You simply cannot have a traditional family Christmas without the traditional English Christmas cake, and I am not talking about some tasteless, artificial, shop bought effort! You need something special. Something that your Gran would make from an old family recipe handed down through the generations!
While I can't provide you with a suitably skilled grandmother, I can provide you with a superb recipe that will make you a Christmas cake that is perfect in every way so long as you like it rich, dark and succulently moist! It even dates back to at least 4 generations of my own family!
1 lb (450 g) currants
6 oz (175 g) sultanas
6 oz (175 g) raisins
2 oz (50 g) glacé cherries, rinsed, dried and finely chopped
2 oz (50 g) mixed candied peel, finely chopped
3 tablespoons brandy, plus extra for 'feeding'
8 oz (225 g) plain flour
½ level teaspoon salt
¼ level teaspoon freshly grated nutmeg
½ level teaspoon ground mixed spice
8 oz (225 g) unsalted butter
8 oz (225 g) soft brown sugar
4 large eggs
2 oz (50 g) almonds, chopped (the skins can be left on)
1 level dessertspoon black treacle
grated zest 1 lemon
grated zest 1 orange
4 oz (110 g) whole blanched almonds (only if you don't intend to ice the cake)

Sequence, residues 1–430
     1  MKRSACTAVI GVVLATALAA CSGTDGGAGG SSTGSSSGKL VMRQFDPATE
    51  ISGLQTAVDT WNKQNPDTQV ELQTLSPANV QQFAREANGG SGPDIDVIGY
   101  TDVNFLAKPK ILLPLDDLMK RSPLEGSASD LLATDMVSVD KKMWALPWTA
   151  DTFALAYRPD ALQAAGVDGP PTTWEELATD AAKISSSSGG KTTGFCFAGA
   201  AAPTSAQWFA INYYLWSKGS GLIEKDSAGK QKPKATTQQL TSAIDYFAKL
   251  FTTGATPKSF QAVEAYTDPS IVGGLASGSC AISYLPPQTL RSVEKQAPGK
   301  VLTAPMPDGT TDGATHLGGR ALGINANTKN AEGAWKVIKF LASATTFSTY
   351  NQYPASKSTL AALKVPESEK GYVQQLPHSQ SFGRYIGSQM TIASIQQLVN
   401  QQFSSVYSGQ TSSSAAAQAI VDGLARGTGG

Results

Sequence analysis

Either an 8 inch round cake tin or a 7 inch square tin, greased and lined with baking paper. You can also tie a band of brown paper round the outside of the tin for a little extra protection.
So, how to make a traditional English Christmas cake?
You need to begin this Christmas cake the night before you want to bake it. All you do is weigh out the dried fruit and mixed peel, place it in a mixing bowl and mix in the brandy as evenly and thoroughly as possible. Cover the bowl with a clean tea cloth and leave the fruit aside to absorb the brandy for 12 hours.
Next, using a large kitchen spoon, transfer the cake mixture into the prepared tin, spread it out evenly with the back of a spoon and, if you don't intend to ice the cake, lightly drop the whole blanched almonds in circles or squares all over the surface.
Finally cover the top of the cake with a double square of silicone paper with a 50p-size hole in the centre. This gives some extra protection during the long slow cooking.
When it's cold 'feed' it by making small holes in the top and base of the cake with a cocktail stick or small skewer, then spoon over a few teaspoons of brandy. Now wrap it in double silicone paper secured with an elastic band and either wrap again in foil or store in an airtight container. You can now feed it at odd intervals until you need to ice or eat it.